This is the second Sunday after the Epiphany.  The season of Epiphany lasts from early January until the beginning of Lent.  The word ‘Epiphany’ means ‘a manifestation of the divine.’  During Epiphany we are invited to pay attention to the ways God shows up in our lives ~ God moments as we call them. Our Scripture lessons give us examples of how Jesus’ identity as ‘Son of God’ was increasingly revealed to those around him as people had life-changing encounters with him.  People like Andrew and Peter.

Today’s gospel comes from John and is the story of Jesus’ first followers.  You see, John the Baptist was hanging with his disciples when Jesus walked past.  John pointed to Jesus ~ as he was want to do ~ and said, “Look, here is the Lamb of God.”  Two of John’s disciples were curious, so they dropped John (like a hot-potato) and ran after Jesus.  Later, after spending the day with Jesus, one of the two ~ Andrew ~ left to tell his brother about the amazing day he had.  “Simon, Simon!” he said, “We have found the Messiah!”  Simon followed Andrew and was introduced to Jesus.  Jesus welcomed him and gave him a new name, “Simon, from now on you are to be called Peter.”  Wow!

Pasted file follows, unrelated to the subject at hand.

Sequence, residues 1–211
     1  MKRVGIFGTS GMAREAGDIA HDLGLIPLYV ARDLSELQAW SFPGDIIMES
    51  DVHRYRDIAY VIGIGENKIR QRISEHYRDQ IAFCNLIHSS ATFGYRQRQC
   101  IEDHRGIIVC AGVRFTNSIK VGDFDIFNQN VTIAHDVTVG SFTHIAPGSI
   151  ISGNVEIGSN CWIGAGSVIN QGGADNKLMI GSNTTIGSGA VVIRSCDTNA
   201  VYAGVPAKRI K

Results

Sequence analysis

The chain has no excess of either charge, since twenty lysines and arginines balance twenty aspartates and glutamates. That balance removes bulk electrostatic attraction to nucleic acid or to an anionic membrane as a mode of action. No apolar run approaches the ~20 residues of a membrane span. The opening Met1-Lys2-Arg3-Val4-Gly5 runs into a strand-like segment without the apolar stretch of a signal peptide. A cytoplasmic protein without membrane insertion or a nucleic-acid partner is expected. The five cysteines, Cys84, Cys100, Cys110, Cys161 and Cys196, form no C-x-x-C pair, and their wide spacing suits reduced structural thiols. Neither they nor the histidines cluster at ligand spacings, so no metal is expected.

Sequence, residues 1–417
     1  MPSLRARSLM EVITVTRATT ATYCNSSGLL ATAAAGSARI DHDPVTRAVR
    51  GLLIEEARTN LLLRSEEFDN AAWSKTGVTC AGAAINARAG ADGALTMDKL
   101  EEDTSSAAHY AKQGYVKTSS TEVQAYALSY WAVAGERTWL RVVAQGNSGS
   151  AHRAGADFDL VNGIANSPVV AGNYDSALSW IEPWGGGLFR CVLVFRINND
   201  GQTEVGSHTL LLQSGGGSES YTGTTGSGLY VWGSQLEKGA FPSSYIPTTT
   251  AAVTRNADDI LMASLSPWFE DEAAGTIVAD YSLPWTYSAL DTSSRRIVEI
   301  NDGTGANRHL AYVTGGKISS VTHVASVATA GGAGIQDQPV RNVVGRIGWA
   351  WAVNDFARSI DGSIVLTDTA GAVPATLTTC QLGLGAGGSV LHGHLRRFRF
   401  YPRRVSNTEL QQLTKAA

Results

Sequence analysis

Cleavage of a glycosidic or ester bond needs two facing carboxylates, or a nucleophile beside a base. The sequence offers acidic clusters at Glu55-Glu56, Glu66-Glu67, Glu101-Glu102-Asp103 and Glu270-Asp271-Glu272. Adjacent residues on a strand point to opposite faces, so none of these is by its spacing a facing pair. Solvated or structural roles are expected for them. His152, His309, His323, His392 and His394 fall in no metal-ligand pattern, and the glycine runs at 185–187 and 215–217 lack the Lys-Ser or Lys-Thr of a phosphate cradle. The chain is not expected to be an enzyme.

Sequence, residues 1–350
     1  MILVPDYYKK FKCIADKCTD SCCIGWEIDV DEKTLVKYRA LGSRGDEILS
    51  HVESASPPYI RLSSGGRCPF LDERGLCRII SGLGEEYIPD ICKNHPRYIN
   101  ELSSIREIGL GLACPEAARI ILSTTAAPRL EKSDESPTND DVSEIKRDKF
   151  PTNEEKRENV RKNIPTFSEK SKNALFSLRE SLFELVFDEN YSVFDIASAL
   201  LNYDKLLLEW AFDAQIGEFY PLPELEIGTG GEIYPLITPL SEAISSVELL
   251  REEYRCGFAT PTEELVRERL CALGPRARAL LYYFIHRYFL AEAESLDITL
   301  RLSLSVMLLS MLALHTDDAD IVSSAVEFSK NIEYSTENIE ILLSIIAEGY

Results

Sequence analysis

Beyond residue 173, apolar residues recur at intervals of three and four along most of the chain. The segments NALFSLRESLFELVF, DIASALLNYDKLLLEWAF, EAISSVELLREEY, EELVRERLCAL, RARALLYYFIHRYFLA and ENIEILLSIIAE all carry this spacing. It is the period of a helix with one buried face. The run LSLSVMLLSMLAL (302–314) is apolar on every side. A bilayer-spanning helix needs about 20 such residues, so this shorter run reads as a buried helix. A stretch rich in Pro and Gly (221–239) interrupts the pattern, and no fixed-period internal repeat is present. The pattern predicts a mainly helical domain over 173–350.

It was a life changing moment, probably more so than Peter even realized at the time.  None of them knew what they were in for with this Jesus guy.  As one pastor put it, those early followers of Jesus didn’t know that they would end up leaving behind their nets, boats, homes, friends, work and retirements.  Their whole lives were about to change.

It seems to me that the common thread in this Gospel story is in the telling.  John told his disciples about his experience with Jesus, so they went to see for themselves.  Andrew told his brother about his great day with Jesus and Peter was curious enough to investigate.  As Catherine Taylor preached, “Telling is having the experience again and giving it to someone else.  Telling is shining a light that shows a particular way and then walking along that way together.”

And speaking of light, Isaiah had something to say about light in our Old Testament lesson.  Isaiah shared God’s words proclaiming, “I will give you as a light to the nations, that my salvation may reach to the ends of the earth.”  The Isaiah passage, which is another of The Servant Songs, reminds us to reach out beyond the close and comfortable and to carry God’s love and grace to those who have never known it.